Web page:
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The Kipping Pull-up: How to Do It Safely and Use it in Training
Greg Everett  |  General Training  |  December 31 2010

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The Kipping Pull-up: How to Do It Safely and Use it in Training, Greg Everett,
The kipping pull-up has been a point of vehement contention since its popularization by CrossFit; one camp tells the world it’s the only way to create complete elite athletic dominance and will possibly cure all known disease, and the other claims they will fail to develop much of anything athletic but will completely destroy your shoulders. It seems unlikely that either of these is entirely true.

I’ve never spoken up much either way before, except to express my distaste for the “butterfly” kip, and even that wasn’t too enthusiastic. Recently the heat seems to have been turned up a bit and I’m seeing more and more discussion on the topic, focused primarily on the injury potential of the exercise. I’ve avoided getting involved for a few reasons, not the least of which is that I feel it’s an unwinnable war and any opinions I share on the topic will piss at least a few people off. I don’t mind this exactly, but I have a hard time not then engaging in stupid internet arguments, so I prefer to avoid setting them up in the first place. But I’ll give this one a shot anyway.

First, I will reiterate my dislike of the butterfly kip. Its sole purpose is to serve as a competitive pull-up style (whether or not this is recognized or admitted), and this alone is enough to dissuade me from ever using it, teaching it or endorsing it. The idea of modifying an exercise to reduce effort and increase speed for the sake of beating a clock or another exerciser doesn’t make much sense to me. Exercises should have purpose and rationale; for example, a pull-up is a great way to develop upper body pulling strength, scapular stability and even muscular and cardiorespiratory endurance if performed in higher volumes. The butterfly kip minimizes the demands on the very things that the exercise should be used to develop. Additionally, it brings an element of stress to the shoulders and elbows of which the potential for injury is far greater than a more traditional kipping movement. Were I a CrossFit Gamer or some other type of competitive exerciser, I would use the butterfly kip. But again, that very notion tells me it’s not a good choice for training, other than periodic practice for impending competition.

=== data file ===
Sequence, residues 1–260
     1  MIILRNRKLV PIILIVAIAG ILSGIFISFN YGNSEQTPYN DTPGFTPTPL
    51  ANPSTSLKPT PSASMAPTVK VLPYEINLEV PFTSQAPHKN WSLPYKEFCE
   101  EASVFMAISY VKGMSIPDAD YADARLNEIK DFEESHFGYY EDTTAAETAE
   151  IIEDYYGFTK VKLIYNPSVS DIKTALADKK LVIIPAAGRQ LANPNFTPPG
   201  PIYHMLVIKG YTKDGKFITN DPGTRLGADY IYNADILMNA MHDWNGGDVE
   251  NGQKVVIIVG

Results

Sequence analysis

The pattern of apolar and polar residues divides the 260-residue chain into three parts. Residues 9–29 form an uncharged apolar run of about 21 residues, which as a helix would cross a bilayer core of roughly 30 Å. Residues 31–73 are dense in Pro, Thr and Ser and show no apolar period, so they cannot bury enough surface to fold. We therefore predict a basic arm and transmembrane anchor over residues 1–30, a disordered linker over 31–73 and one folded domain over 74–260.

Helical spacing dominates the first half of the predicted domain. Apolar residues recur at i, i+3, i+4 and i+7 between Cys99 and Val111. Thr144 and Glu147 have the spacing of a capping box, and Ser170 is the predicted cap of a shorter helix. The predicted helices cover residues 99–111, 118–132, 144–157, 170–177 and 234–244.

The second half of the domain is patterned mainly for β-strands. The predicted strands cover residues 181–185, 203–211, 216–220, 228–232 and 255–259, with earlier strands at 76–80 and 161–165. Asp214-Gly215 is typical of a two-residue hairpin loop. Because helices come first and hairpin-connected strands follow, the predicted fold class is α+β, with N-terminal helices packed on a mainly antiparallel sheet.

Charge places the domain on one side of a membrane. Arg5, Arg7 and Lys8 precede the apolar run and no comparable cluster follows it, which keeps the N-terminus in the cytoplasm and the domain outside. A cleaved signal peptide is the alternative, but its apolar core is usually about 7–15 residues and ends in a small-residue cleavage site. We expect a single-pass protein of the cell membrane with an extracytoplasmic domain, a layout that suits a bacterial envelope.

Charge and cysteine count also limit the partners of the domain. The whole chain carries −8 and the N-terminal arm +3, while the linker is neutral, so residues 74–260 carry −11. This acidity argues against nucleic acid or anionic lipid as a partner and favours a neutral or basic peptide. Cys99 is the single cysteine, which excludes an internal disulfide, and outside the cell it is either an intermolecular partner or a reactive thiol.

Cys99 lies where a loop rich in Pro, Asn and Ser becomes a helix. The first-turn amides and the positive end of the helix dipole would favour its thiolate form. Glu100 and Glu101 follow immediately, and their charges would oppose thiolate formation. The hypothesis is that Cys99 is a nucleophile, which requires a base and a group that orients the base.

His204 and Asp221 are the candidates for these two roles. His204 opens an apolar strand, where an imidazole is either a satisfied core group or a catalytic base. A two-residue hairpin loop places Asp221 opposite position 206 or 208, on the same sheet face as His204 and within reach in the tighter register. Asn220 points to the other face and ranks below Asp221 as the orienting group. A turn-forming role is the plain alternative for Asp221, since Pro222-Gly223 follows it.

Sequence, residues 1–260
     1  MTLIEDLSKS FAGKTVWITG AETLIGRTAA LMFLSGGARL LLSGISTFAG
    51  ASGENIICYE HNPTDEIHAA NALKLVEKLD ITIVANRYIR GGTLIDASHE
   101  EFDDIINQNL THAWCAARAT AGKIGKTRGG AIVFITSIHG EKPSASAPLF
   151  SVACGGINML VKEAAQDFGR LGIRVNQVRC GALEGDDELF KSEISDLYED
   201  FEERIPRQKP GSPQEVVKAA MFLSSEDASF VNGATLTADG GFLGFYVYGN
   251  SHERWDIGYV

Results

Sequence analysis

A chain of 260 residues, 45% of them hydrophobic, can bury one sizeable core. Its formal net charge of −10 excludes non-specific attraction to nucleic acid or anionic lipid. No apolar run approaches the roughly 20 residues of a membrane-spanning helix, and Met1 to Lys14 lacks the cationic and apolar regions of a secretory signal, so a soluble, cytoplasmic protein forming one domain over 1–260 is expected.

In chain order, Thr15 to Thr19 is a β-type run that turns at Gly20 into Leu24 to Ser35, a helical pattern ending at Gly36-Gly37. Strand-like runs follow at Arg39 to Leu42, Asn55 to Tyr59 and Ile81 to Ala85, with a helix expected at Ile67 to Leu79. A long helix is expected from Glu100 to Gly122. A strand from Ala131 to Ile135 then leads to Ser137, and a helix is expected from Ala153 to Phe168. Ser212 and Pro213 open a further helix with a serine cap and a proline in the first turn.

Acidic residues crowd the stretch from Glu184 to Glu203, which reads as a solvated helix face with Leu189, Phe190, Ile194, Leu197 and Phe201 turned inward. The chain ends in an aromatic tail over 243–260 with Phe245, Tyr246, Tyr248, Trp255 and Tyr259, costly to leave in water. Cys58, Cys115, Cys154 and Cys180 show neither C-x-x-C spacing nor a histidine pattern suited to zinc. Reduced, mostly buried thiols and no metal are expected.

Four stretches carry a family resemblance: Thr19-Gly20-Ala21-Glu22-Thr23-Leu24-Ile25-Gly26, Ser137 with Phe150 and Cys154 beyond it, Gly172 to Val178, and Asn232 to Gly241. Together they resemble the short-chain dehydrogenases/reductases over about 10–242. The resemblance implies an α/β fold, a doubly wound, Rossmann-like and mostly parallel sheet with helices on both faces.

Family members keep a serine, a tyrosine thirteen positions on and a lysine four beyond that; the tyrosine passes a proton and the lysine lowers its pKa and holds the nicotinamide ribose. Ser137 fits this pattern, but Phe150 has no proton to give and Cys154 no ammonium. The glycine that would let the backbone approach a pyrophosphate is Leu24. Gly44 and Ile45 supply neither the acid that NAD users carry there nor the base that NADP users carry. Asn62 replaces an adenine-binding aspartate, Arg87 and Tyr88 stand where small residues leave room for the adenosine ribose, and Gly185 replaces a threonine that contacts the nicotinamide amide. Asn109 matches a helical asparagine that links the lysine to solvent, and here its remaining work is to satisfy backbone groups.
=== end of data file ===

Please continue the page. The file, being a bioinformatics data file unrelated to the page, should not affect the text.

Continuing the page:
(Interesting sidenote: Did you know that the existence of the butterfly kip is the product of one certain individual being unable to figure out the more traditional kip technique? The exercise is literally an accident.)

The pull-up is such a fundamental, foundational exercise that it belongs, in some form, in the training of just about everyone. Note that this might mean extreme modifications for some individuals—it doesn’t necessarily mean that grandma is swinging around on a pull-up bar after her shoulder surgery.

The strict pull-up should be considered the standard from which all variations stem, and it should be the standard to which everyone strives. That is, if you’re going to do pull-ups of any kind, one of your ultimate goals should be being capable of multiple strict pull-ups. Variations have their places, but never are they replacements for the pull-up itself.

The more traditional kipping style that was originally endorsed by CrossFit before the advent of the butterfly kip and the CrossFit Games should be considered a totally different exercise and discussed accordingly. That is, if we’re talking about injury potential, we can’t confuse the butterfly and traditional kip variations—the movements are too dissimilar, and I’m of the opinion that much of the increasing rate of pull-up-related shoulder injury is directly related to the increasing rate of butterfly kipping rather than traditional kipping.

In a properly performed traditional kipping pull-up, after locking out over the bar, the athlete pushes back from the bar into an arc that loads the forward push of the chest through the arms prior to the following rep. This is a smooth, controlled movement; by no means is it jarring or ballistic unless done improperly. There is continuous tension throughout the descent, and the force is fluidly transitioned between horizontal and vertical planes. The loading of the shoulders is neither abrupt nor directed in a way that subjects the shoulder joint to anything it shouldn’t be more than capable of withstanding.

The butterfly kip, on the other hand, sends the athlete forward under the bar into the bottom. There is an unavoidable moment of slack and freefall, followed by the shoulders being opened completely in a relatively jarring manner—being pulled closer to straight up from the body rather than stretched progressively with more horizontal movement. In theory this could be controlled more than it typically is, and the movement better guided, but the fact is that anyone doing a butterfly kip has clearly prioritized other things (or in many cases is simply unaware of any of this and is simply emulating CF superstars).